Martin Shkreli, Vyera Face New FTC Charges for Preventing Generics Competition of Daraprim

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Martin Shkreli became one of the most vilified executives in the pharmaceutical industry following his company’s 5,000% price hike on a 60-year-old medication and his follow-up laments that he didn’t increase the price even higher.

Shkreli ultimately went to prison for his role in investor fraud, but many in the at-large public wanted to see him punished for the astronomical increase on the price of Daraprim, a toxoplasmosis treatment often used by patients whose immune systems have been compromised by diseases such as HIV and cancer. Now, it seems like the public may get its wish – five years after the price increase.

On Monday, the Federal Trade Commission filed a complaint in federal court against Vyera Pharmaceuticals, LLC, the company formerly known as Turing Pharmaceuticals that Shkreli founded. In the complaint, the FTC alleged an “elaborate anticompetitive scheme to preserve a monopoly” on Daraprim.

When Turin acquired Daraprim in 2015 for $55 million, the company raised the price of the medication from $17.50 per tablet to $750 per tablet. That increase impacted the care of many patients, the FTC said.  Because Turing and its executive team, including Shkreli, knew the price increase would attract generic competition, the company set out to block any such action from other pharma companies. According to the FTC complaint, Turing “illegally restrained trade through restrictive distribution agreements that ensured that would-be generic entrants could not buy samples of Daraprim” that could be used in the process of trying to develop a generic. Turing also prevented competitors from accessing a critical ingredient used to manufacture Daraprim. Additionally, the government alleged that Turing signed “data blocking” agreements preventing several distributors from selling Daraprim sales data to third-party data reporting companies. Generics manufacturers use this data to determine whether or not it is worth pursuing the development of generic equivalents. With these agreements, the defendants sought to keep potential generic competitors from accurately assessing the market, the government said.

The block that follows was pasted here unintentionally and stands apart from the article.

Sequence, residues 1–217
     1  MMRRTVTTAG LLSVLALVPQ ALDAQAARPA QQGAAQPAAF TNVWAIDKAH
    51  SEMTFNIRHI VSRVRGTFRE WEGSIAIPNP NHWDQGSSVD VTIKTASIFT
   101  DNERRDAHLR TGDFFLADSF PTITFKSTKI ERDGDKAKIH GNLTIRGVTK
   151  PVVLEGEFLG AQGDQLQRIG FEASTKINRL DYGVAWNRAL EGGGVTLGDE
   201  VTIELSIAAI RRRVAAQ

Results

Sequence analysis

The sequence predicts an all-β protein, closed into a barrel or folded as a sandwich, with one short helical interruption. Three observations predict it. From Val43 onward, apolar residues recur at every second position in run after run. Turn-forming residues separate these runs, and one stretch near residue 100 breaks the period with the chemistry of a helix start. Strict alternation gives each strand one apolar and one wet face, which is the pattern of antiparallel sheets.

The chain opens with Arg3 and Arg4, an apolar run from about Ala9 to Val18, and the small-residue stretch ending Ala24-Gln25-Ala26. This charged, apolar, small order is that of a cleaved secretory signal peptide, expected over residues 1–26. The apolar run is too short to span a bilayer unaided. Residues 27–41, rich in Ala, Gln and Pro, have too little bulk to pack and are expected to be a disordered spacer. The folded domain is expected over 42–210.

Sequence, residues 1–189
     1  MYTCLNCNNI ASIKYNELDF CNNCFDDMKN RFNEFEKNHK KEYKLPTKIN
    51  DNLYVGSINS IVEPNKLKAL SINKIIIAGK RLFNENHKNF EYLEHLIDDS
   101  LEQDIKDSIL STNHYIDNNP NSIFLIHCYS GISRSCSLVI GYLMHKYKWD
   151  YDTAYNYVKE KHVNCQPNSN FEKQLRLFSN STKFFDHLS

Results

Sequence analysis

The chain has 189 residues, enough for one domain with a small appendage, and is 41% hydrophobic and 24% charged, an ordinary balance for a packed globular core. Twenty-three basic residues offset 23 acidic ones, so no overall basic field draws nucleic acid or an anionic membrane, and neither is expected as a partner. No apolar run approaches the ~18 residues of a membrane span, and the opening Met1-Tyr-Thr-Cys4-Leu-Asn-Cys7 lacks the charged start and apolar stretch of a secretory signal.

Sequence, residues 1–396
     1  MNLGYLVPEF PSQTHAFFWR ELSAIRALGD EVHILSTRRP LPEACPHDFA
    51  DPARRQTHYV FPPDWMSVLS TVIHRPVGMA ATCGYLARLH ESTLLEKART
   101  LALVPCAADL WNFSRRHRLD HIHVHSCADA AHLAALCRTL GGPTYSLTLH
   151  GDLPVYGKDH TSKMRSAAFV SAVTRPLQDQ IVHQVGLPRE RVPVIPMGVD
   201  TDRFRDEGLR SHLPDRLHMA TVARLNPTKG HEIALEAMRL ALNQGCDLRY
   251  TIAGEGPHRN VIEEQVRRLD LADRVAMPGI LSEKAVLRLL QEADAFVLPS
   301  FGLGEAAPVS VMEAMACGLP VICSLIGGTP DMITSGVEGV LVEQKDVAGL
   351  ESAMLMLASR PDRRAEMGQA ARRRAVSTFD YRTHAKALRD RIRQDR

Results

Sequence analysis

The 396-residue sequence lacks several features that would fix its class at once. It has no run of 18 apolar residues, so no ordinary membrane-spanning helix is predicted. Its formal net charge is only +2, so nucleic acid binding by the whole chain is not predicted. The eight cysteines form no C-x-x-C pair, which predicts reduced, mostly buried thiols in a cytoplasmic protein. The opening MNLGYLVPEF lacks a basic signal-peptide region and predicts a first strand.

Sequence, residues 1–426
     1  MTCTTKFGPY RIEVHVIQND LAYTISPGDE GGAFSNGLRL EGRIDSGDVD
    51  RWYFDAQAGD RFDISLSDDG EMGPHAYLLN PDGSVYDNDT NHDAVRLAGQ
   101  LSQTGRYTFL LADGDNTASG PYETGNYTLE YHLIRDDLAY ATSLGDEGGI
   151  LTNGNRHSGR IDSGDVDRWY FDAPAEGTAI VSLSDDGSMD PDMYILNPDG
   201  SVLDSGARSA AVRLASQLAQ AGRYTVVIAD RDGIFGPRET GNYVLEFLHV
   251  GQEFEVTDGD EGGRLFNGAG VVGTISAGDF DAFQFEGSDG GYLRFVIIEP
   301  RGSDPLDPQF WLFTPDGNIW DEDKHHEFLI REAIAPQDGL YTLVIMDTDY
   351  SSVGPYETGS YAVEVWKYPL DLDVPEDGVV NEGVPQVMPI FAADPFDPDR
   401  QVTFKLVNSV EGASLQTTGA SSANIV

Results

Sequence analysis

The complaint alleges that consumers and other purchasers of Daraprim likely would have saved tens of millions of dollars by purchasing generic versions of Daraprim. Instead, as a result of the defendants’ anticompetitive conduct, there is no generic version on the market today, the FTC said.

“Daraprim is a lifesaving drug for vulnerable patients,” Gail Levine, deputy director of the Bureau of Competition at the Federal Trade Commission, said in a statement. “Vyera kept the price of Daraprim astronomically high by illegally boxing out the competition.”

In addition to Vyera, the complaint also names Shkreli and Kevin Mulleady as defendants due to them being “directly responsible for orchestrating the anticompetitive scheme, as well as Phoenixus AG, Vyera’s parent company.”

The FTC complaint seeks financial relief to “provide redress to purchasers” who overpaid for Daraprim. It also seeks remedial injunctive relief to restore competitive conditions to the market, halt any ongoing anticompetitive conduct, and prevent the defendants from engaging in similar conduct in the future.

Shkreli remains in federal prison in Pennsylvania following his 2017 conviction. Shkreli was found guilty in 2017 on two charges of securities fraud and one charge of conspiracy to commit conspiracy fraud. Last year Shkreli attempted to overturn his conviction by appealing his case to the U.S. Supreme Court. The high court refused to hear his case. He is eligible for release in 2023.

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